Saffron is one of the most expensive spices in the world. It’s cultivation has also high costs. This plant is being grown in Albania in small almost experimental amounts. An Italian-Albanian enterprise has undertaken the initiative of growing saffron under the “Zafferano di Dumre” label. The spice is being grown in the an area of 3 acres in Dëshiran, Belsh, Elbasan County, central Albania.
Saffron is called the red gold due to its precious values. It requires attention, care and selected soil conditions. Its cultivation also requires the highest international standards and above all certification.
Saffron has been grown for many years in Kosovo as well. Its red color, unique flavor and savory taste make it incomparable to any other spice. Saffron is also used in the pharmaceutical industry and is considered the king of medicaments and spices.
Experts say that growing saffron in Kosovo is becoming a solid business. However they recommend against a massive cultivation of saffron in Albania, because it does not represent a lucrative deal.
U.S. expert of medicinal plants Peter Furth told AgroWeb.orb that saffron in Albania does not enjoy favorable economic conditions. The fact that saffron is being grown in Kosovo, does not make the spice, a merchandise that Albania can easily sell or export.
Secondly, Albania has many other unique plants that are worth cultivating and yield huge financial benefits, according to experts interviewed by AgroWeb.org.
Considering the fact that Greece, the world’s second largest saffron producer, generates about 6 tons of saffron per year, Albania’s chances to compete in the market are slim.
Ali Avdiu from Prishtina, has been growing saffron since 2011. In his interviews, he said that growing the plant is costly, as one seed or bulb alone costs about 10-12 cents and an acre of land requires about 500,000 seeds. This means that the cost/acre of saffron is about 50,000 euros.
The sale price of saffron in the market is 8-12 euros/gram or 3000-5000 euros/kg. Taking into account the costs of buying seeds, care during production, the profits do not come cheap.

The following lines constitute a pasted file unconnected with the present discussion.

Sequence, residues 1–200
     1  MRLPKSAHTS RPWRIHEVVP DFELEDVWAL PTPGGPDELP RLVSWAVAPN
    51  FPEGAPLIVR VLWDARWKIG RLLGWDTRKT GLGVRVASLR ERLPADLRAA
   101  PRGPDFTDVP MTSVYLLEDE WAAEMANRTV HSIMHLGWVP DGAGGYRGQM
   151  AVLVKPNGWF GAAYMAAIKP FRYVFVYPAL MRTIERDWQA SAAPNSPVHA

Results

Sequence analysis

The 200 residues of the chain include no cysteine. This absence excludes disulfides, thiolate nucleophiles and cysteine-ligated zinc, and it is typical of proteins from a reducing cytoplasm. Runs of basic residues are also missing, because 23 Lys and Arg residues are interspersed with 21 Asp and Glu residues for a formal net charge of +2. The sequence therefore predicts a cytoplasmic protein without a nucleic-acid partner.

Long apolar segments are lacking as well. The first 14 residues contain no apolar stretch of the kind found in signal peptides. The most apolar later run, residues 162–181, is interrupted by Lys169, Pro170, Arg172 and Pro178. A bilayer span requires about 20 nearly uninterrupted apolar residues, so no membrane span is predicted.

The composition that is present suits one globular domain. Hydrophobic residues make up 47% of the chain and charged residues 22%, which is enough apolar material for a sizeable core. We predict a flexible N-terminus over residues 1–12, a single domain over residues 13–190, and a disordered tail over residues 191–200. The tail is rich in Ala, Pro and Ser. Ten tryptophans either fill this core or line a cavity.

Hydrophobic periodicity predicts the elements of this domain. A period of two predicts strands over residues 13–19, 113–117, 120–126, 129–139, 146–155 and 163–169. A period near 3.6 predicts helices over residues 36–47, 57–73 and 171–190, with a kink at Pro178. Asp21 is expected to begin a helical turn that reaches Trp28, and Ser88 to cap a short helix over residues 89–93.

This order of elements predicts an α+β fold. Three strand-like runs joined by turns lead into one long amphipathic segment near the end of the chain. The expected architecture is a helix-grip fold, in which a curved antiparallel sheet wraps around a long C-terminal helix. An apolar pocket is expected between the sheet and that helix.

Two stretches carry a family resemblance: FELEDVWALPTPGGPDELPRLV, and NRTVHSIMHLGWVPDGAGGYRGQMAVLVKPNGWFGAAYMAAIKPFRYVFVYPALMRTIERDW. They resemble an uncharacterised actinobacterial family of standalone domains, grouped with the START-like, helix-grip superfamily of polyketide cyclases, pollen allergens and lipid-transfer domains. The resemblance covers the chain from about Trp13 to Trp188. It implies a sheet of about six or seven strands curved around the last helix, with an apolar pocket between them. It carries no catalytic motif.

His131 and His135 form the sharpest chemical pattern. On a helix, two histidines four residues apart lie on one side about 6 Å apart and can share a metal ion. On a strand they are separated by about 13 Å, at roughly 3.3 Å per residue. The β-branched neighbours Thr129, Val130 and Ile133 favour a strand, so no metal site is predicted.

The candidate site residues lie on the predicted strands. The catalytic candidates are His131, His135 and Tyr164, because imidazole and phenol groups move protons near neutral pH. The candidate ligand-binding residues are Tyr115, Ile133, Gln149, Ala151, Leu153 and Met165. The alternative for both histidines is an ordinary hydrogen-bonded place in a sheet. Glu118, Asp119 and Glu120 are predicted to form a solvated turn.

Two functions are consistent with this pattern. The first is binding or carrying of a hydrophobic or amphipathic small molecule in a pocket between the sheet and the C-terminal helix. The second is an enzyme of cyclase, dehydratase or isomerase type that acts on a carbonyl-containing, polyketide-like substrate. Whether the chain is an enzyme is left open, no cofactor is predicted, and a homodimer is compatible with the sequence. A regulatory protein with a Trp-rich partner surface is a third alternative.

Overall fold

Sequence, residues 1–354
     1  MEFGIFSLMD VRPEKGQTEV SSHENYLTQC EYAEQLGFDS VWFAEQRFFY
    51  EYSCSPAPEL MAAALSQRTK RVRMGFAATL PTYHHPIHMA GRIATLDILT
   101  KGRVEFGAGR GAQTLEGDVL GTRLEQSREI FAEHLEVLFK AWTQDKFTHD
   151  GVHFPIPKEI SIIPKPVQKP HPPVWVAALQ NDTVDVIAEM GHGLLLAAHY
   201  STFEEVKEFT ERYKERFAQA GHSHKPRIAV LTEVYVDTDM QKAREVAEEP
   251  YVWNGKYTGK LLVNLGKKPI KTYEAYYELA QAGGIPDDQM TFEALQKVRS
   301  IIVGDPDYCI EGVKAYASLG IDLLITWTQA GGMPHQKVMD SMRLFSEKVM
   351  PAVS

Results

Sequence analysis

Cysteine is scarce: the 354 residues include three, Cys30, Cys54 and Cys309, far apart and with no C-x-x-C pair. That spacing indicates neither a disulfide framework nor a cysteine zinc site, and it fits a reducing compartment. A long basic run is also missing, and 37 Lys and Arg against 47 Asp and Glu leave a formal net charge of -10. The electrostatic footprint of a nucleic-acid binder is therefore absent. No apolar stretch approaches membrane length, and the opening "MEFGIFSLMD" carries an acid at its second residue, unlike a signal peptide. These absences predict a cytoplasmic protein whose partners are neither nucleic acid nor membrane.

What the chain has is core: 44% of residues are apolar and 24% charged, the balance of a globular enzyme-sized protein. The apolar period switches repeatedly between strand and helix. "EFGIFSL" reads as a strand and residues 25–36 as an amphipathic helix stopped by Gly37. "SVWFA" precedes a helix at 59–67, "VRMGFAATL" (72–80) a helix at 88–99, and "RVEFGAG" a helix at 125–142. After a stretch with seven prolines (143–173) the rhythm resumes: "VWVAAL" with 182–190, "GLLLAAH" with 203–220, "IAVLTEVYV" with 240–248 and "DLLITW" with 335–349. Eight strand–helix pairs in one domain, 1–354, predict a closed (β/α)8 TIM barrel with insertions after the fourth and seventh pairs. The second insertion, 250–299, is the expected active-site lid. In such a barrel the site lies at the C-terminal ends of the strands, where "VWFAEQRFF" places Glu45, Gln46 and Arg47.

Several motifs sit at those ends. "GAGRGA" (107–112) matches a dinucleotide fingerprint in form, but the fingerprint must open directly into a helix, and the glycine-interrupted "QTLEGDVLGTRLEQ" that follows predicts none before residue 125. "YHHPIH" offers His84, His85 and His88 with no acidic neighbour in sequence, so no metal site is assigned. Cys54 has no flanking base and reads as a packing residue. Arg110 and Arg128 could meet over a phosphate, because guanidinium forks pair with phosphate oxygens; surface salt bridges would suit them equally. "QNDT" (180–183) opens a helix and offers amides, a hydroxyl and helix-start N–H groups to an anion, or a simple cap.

Saffron is a spice derived from the flower of Crocus sativus, part of the botanic family Iridacea, whose flourishing season lasts three weeks/year. The medicinal properties of saffron are in the stigmas that bare many phytochemicals such as picrocrocin, crocin, alcaloids, carotenoids, lycopene etc. Saffron is a natural remedy to depression and staves off the advance of Alzheimer’s.
Saffron, has considerable amounts of vitamin C, thiamin, riboflavin, niacin, folic acid and vitamin B6.
Approximately 75,000 flowers of saffron are required to obtain 0.5 kg of the spice. The minute stigmas are extracted manually. As a result of its expensive production method, saffron is rarely used for medicinal purposes.
Saffron grows well in deep well drained clay-calcareous soil with high levels of organic matter. Saffron enjoys full sun and continental Mediterranean climate with warm winters, dry summers and minimum humidity.
Planting is done through May to September whereas random planting is done in the second part of June and in the first weeks of September. Irrigation water must be free of waste and chemicals. Hand-harvesting is done on a daily basis.
Drying leaves is crucial to extracting saffron. There are plenty methods to dry saffron but it all depends on: time, dry temperature and used devices. Saffron can be used by all but preferably in small amounts not more than 0.2 gram per day./AgroWeb.org